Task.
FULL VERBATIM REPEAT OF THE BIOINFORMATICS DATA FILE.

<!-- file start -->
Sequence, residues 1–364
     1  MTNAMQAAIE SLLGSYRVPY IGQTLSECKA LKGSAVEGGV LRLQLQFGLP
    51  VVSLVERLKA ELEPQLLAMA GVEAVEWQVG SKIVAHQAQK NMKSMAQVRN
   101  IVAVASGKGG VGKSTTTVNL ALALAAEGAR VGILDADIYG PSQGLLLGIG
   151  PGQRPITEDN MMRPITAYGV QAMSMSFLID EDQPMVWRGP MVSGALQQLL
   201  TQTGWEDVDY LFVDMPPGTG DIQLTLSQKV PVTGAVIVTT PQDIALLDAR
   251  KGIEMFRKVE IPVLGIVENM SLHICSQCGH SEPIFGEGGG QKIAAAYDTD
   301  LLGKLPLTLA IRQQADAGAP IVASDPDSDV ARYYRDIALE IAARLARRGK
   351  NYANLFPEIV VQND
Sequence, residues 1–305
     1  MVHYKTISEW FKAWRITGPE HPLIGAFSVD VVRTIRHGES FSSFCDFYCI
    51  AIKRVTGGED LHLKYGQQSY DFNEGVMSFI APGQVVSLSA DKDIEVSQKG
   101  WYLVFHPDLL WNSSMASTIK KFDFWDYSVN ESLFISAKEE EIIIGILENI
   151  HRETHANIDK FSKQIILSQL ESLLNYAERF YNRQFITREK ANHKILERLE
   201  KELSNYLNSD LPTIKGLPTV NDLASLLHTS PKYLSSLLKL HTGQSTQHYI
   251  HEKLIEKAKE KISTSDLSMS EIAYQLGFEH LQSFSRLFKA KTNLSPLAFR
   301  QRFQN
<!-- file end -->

Sequence, residues 1–364
     1  MTNAMQAAIE SLLGSYRVPY IGQTLSECKA LKGSAVEGGV LRLQLQFGLP
    51  VVSLVERLKA ELEPQLLAMA GVEAVEWQVG SKIVAHQAQK NMKSMAQVRN
   101  IVAVASGKGG VGKSTTTVNL ALALAAEGAR VGILDADIYG PSQGLLLGIG
   151  PGQRPITEDN MMRPITAYGV QAMSMSFLID EDQPMVWRGP MVSGALQQLL
   201  TQTGWEDVDY LFVDMPPGTG DIQLTLSQKV PVTGAVIVTT PQDIALLDAR
   251  KGIEMFRKVE IPVLGIVENM SLHICSQCGH SEPIFGEGGG QKIAAAYDTD
   301  LLGKLPLTLA IRQQADAGAP IVASDPDSDV ARYYRDIALE IAARLARRGK
   351  NYANLFPEIV VQND
Sequence, residues 1–305
     1  MVHYKTISEW FKAWRITGPE HPLIGAFSVD VVRTIRHGES FSSFCDFYCI
    51  AIKRVTGGED LHLKYGQQSY DFNEGVMSFI APGQVVSLSA DKDIEVSQKG
   101  WYLVFHPDLL WNSSMASTIK KFDFWDYSVN ESLFISAKEE EIIIGILENI
   151  HRETHANIDK FSKQIILSQL ESLLNYAERF YNRQFITREK ANHKILERLE
   201  KELSNYLNSD LPTIKGLPTV NDLASLLHTS PKYLSSLLKL HTGQSTQHYI
   251  HEKLIEKAKE KISTSDLSMS EIAYQLGFEH LQSFSRLFKA KTNLSPLAFR
   301  QRFQN